Africa has 1.7 million acres of untapped arable land and the lowest productivity rates in the world. It has everything it needs t overcome its dependency on food imports. Only 30% of its arable land is being farmed while 1.7 million acres remain untapped. With few exceptions, fresh water reserves are easily accessible all over the continent. Yet, only 3% of land in sub-Saharan Africa is irrigated–far below the 20% world average of irrigated land. African governments invest on average only 4% of the GDP in Agricultures while most countries dedicate between 11 and 14% spending on agriculture. [Source]
Africa is going to have to step up their investment in agriculture. It seemed to me from the discussions today that many people realize this.
Food security is closely tied to a country’s agriculture program. Better education of the farmers seemed to be a key solution for increasing food production. One woman suggested agricultural parks where people could come together and learn, perhaps sharing information on the Internet in a cyber-cafe environment. It would also be here that they could learn about related applications for their mobile phones.
i cow – a Mobile Phone Application for Farmers
i cow is the world’s first mobile phone cow calendar. It sends farmers best dairy practices; collects and stores farmer ilk and breeding records; helps farmers find the nearest VET and AI providers; prompts farmers on vital days of cows gestation period.
Food Insecurity comes in all forms. There is a lot of work to be done at the local level in the 32nd U.S. Congressional District of Texas and in Dallas County in particular. One of the most pressing of these is the establishment of decent grocery stores in poor neighborhoods designated as “food deserts.”
Writing about local food and Farmers Markets reminded me of an article that I thought I had posted on the topic of food deserts, but I see now that it is one of my many post still in draft form. Sometimes I get interrupted and don’t get back to them. This Saturday I plan to go to the Farmer’s market in Richardson, Dallas and over to Cotton’s in Garland and compare their produce prices with those in Wal Mart and another chain, perhaps Kroeger. Many people seem to think that it is more expensive to purchase produce from these local market than from a chain store and I want to check that out. I have a car and I can afford the gas, but that reminded me of an issue that the poor face every day. Many of the poor don’t have transportation to the grocery store and often they do not have adequate grocery stores within walking distance from their home.
A food desert is the term given to neighborhoods, usually disadvantaged, where there is limited physical and financial access to a grocery store providing a wide selection of fresh food. It is estimated that 400,000 or more residents of Dallas County live in a food desert right now.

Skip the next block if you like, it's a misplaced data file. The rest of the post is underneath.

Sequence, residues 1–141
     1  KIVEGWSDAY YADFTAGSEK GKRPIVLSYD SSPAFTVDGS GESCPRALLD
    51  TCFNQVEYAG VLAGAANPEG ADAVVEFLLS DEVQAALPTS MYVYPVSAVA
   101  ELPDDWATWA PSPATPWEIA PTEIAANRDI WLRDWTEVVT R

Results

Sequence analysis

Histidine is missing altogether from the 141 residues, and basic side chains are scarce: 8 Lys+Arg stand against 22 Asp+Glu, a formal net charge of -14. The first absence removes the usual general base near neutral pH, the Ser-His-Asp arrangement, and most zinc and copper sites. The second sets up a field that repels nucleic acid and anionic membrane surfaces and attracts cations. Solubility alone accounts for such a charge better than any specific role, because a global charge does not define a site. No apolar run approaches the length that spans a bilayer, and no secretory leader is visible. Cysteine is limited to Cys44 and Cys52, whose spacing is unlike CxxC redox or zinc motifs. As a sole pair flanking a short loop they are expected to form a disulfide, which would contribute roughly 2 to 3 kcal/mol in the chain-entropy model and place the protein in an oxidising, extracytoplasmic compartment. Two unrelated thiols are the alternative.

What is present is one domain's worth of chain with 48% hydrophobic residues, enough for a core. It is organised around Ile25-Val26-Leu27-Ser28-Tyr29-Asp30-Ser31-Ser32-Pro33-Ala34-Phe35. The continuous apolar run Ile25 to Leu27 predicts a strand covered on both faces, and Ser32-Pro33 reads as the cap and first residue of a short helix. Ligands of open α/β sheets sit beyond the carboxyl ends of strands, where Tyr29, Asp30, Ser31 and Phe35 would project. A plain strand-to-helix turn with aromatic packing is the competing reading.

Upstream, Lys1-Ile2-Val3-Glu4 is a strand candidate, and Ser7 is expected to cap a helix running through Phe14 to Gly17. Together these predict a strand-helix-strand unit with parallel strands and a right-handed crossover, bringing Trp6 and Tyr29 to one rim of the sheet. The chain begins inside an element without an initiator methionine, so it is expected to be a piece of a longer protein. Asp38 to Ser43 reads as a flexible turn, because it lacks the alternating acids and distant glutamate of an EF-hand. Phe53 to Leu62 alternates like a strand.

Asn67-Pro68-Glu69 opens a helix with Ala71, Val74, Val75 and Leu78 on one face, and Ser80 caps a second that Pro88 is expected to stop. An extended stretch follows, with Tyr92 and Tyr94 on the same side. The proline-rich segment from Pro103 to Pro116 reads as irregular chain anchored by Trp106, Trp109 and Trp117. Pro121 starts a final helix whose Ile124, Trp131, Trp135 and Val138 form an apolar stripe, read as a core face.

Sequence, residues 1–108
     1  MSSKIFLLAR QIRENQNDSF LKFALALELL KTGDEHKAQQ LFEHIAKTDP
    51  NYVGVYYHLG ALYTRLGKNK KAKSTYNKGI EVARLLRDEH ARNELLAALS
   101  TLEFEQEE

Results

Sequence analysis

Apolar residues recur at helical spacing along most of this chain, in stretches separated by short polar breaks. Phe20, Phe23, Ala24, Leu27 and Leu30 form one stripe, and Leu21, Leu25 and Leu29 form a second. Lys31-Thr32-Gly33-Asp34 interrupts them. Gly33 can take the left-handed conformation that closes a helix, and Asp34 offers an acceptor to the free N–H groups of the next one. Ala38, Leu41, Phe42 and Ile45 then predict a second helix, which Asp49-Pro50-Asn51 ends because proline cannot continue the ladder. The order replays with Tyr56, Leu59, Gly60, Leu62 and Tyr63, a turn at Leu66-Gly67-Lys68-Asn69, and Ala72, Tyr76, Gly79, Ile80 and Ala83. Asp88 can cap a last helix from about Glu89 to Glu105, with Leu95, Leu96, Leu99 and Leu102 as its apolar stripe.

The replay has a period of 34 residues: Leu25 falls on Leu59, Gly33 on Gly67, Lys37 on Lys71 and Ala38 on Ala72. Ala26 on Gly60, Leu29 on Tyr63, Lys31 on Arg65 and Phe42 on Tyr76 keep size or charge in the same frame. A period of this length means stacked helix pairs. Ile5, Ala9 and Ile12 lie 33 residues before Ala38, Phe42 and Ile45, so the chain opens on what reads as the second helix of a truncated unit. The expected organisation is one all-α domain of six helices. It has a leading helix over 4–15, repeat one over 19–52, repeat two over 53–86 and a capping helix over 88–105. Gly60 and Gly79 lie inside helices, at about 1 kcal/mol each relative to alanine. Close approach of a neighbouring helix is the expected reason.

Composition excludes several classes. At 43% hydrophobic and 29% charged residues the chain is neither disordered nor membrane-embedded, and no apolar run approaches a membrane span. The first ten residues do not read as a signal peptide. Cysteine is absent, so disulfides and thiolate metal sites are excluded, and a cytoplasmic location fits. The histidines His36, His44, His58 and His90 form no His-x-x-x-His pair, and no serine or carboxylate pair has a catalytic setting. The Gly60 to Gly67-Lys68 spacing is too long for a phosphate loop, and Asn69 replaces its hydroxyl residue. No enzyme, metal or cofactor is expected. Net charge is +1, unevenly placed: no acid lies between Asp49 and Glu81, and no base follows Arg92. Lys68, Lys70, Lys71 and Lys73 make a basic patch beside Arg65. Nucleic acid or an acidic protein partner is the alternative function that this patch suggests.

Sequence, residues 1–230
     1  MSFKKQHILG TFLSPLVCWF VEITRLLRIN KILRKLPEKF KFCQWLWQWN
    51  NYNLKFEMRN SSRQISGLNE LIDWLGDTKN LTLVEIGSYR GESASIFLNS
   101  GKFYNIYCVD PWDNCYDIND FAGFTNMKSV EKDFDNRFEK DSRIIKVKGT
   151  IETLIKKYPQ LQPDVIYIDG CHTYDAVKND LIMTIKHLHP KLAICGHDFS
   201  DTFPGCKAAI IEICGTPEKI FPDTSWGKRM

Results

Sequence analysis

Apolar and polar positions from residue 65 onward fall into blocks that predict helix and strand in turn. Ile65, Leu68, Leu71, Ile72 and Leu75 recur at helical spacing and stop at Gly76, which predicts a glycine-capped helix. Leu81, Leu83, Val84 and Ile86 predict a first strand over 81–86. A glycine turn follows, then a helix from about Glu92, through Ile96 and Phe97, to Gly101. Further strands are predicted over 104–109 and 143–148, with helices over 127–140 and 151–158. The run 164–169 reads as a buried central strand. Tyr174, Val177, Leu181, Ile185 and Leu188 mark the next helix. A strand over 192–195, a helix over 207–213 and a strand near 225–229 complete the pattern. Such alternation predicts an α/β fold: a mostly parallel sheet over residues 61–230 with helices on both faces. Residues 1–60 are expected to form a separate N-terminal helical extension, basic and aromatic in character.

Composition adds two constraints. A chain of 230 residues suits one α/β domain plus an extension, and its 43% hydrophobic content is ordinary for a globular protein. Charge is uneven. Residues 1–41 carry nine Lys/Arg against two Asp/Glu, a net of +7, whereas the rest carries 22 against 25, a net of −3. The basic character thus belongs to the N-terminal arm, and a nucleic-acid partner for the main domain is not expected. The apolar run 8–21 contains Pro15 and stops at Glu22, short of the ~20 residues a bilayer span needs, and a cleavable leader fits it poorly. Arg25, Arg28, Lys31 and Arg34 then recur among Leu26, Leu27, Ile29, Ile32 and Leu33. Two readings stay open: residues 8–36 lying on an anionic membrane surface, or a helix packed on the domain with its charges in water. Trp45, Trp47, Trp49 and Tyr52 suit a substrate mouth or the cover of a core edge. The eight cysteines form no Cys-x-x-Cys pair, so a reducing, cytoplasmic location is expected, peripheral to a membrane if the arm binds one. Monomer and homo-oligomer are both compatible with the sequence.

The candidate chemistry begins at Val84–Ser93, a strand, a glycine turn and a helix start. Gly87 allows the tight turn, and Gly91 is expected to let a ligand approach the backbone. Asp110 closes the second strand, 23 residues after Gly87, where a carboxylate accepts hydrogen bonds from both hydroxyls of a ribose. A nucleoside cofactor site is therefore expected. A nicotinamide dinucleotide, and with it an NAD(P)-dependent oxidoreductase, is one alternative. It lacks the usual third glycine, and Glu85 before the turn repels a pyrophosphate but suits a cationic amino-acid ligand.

Those who are familiar with Dallas County know that if you travel just 10 minutes north of the city of Dallas that you will encounter wealth and affluence. If you travel just 10 minutes to the southern areas of the city, you will find just the opposite–extreme poverty. It is this southern area where most of the food deserts exist.
A Football Field is Turned into an Organic Garden–in the Heart of Dallas, Texas
Paul Quinn College is located in the community of Highland Hills. This area is now part of a new U.S. Congressional District in Texas–the 33rd district. It encompasses parts of Dallas and also Fort Worth. The 33rd district’s voting age population of 469,456 is 61.3 percent hispanic and 17.8 percent black.
The district is also a “food desert”. Residents in the predominantly minority area must travel some six miles to the nearest grocery store. In 2006, the football program was canceled at Paul Quinn College to save money as enrollment declined and financial troubles mounted at this private, Christian black college in Dallas.
The idle football field was converted into an organic farm in 2010. Today the college sells produce from the farm to restaurants and to Cowboys Stadium. They also offer fresh produce to residents of the South Dallas neighborhood. Michael Sorrell, President of Paul Quinn had this idea for transforming the college and the community. Sorrell even offered to donate campus land to a grocery retailer willing to hire residents and students. There were no takers. Trammel Crow who has a passion for community gardens introduced Sorrell to PepsiCo whose Food for Good program delivers nutritious meals to impoverished communities. PepsiCo agreed to fund the farm venture for an undisclosed amount.
Now residents of Highland Hills can buy organic produce at a price that stores typically charge for conventional produce. Establishing the farm is only a first step in combating the food desert. Sorrell is still committed to opening an on campus grocery store. ”We will do it ourselves,” Sorrel said.